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Purchasing Power Isn’t the Same Thing as Exchange Rate

The purchasing power of a nation’s currency refers to that nation’s ability to purchase goods. Usually purchasing power is measured using a list of necessities such as certain groceries, utilities, and other requirements for daily life, but for simplicity’s sake, say that purchasing power is measured in beer.

Purchasing power by itself doesn’t really mean anything, but when used to track changes over time, it helps measure inflation. For example, if the price of beer goes up from $100 per keg to $101 per keg in a year, then the nation experienced 1 percent inflation that year.

Purchasing power also comes into play when you’re comparing the ability of your money to buy something in your home country and the ability of a foreign currency to buy the same something in the foreign nation. This comparison is called purchasing power parity (PPP).

For example, if $100 buys a keg of beer in the U.S., but that exact same keg of beer, when bought in Great Britain, costs 124 pounds, then the purchasing power parity of the pound in Great Britain to the dollar in the U.S. is USD100 = GBP124, USD1 = GBP1.24.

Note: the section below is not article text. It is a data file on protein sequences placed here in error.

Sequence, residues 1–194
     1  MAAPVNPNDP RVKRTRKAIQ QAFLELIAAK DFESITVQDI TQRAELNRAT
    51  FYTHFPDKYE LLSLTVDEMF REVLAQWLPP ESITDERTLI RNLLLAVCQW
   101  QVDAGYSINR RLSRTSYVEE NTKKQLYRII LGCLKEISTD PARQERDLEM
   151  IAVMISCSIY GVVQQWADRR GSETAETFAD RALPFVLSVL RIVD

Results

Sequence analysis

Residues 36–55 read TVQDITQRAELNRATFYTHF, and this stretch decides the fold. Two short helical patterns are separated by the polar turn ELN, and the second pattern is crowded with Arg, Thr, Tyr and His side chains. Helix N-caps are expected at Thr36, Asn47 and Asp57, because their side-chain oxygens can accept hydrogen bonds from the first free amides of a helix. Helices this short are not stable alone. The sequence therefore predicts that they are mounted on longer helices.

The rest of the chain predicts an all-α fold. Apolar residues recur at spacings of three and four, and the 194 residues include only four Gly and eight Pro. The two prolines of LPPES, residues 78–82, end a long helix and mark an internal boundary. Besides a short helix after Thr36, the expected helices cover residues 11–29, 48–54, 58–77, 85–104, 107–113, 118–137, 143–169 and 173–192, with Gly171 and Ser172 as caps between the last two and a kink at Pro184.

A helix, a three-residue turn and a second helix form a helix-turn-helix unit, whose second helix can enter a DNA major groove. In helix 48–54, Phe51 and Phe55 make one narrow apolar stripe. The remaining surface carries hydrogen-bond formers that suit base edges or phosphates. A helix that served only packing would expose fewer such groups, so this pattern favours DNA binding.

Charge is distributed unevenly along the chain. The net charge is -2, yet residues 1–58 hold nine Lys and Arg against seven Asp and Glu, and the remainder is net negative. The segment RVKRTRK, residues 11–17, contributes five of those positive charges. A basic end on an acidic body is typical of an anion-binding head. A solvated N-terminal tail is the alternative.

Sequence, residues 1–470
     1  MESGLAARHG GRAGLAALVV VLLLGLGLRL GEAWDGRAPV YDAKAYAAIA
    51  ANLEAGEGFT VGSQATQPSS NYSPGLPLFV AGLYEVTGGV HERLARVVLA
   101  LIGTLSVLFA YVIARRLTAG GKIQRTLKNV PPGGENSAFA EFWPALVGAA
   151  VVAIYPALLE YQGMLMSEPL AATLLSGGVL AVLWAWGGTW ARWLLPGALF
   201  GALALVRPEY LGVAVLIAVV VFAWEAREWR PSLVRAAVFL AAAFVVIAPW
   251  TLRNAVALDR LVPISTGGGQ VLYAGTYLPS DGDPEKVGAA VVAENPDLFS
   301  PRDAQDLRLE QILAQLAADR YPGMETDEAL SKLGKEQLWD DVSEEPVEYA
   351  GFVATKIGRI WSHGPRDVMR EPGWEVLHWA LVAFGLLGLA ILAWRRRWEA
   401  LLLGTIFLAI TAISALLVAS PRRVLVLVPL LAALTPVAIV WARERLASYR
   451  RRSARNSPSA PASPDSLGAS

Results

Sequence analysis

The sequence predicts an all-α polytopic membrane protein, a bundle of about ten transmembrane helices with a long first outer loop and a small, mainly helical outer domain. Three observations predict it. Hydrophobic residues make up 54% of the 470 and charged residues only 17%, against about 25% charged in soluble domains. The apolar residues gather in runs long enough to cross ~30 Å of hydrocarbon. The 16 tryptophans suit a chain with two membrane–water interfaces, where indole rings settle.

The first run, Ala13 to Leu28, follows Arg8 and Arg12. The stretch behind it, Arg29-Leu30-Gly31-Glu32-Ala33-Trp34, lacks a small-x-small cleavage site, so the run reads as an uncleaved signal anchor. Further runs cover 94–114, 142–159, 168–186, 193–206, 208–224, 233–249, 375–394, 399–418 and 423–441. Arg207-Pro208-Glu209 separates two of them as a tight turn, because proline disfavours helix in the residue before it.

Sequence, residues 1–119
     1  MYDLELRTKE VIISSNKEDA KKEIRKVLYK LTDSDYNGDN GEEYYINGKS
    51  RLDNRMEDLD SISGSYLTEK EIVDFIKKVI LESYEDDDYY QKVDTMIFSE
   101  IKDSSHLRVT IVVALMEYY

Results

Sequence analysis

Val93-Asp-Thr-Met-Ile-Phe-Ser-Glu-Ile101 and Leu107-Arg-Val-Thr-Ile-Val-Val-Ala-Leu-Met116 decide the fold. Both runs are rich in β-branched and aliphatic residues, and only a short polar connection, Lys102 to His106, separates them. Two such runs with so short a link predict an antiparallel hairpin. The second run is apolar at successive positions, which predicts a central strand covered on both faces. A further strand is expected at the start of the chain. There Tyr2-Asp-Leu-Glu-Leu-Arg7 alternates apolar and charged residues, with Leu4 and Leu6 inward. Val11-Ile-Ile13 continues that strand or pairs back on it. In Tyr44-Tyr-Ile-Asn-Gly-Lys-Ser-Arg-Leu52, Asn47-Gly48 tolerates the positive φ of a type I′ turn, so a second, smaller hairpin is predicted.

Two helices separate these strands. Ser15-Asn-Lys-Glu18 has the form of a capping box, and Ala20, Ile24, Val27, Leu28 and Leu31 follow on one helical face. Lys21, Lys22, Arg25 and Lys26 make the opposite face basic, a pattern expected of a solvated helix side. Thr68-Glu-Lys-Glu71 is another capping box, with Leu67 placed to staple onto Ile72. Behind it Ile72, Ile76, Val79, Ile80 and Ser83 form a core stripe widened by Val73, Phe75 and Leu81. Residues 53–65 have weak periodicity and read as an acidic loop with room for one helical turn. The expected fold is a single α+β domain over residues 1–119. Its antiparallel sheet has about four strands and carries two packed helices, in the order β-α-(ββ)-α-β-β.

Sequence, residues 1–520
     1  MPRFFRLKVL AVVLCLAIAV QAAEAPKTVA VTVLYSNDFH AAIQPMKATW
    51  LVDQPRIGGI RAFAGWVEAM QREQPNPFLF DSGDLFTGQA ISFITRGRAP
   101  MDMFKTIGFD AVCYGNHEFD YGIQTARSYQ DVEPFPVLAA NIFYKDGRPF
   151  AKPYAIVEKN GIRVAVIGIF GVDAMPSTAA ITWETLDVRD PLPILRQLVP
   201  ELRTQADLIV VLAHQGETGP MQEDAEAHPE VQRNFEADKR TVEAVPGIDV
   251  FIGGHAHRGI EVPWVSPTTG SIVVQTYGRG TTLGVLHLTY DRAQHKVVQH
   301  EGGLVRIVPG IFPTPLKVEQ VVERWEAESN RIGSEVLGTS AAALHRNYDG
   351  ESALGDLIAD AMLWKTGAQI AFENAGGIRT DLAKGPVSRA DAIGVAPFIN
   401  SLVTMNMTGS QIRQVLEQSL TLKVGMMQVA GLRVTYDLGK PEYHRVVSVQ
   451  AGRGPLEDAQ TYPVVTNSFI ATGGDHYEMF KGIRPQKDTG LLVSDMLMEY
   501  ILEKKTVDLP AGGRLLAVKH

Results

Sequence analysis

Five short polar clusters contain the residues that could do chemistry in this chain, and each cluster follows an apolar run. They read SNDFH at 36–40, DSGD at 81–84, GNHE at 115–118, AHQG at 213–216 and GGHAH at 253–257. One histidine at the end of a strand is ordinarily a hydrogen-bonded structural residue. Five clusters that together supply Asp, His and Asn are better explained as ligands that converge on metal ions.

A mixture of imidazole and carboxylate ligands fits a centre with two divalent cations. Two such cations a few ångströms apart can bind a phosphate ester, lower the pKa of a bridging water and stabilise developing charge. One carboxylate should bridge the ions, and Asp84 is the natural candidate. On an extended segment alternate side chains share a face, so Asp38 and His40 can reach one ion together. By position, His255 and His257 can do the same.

Probably the most famous way of measuring PPP is by using the Big Mac Index, which uses the price of a Big Mac in every nation to determine PPP.

Exchange rate, on the other hand, refers to how much foreign money you can buy with your money. As of this writing, you need $1.33 in U.S. dollars to purchase 1 British pound.

Note that the exchange rate is different from the PPP. If a nation has a very low exchange rate (meaning that you can buy a lot of its money for cheap) but the PPP in that nation is higher than your country’s PPP, then the two measurements tend to balance each other out as far as exports go.

For instance, if Great Britain has a purchasing power that’s 1 percent higher than the U.S. and an exchange rate that’s 1 percent lower than the U.S., then British prices would be the same as U.S. prices for any U.S. dollars that you exchange into pounds.

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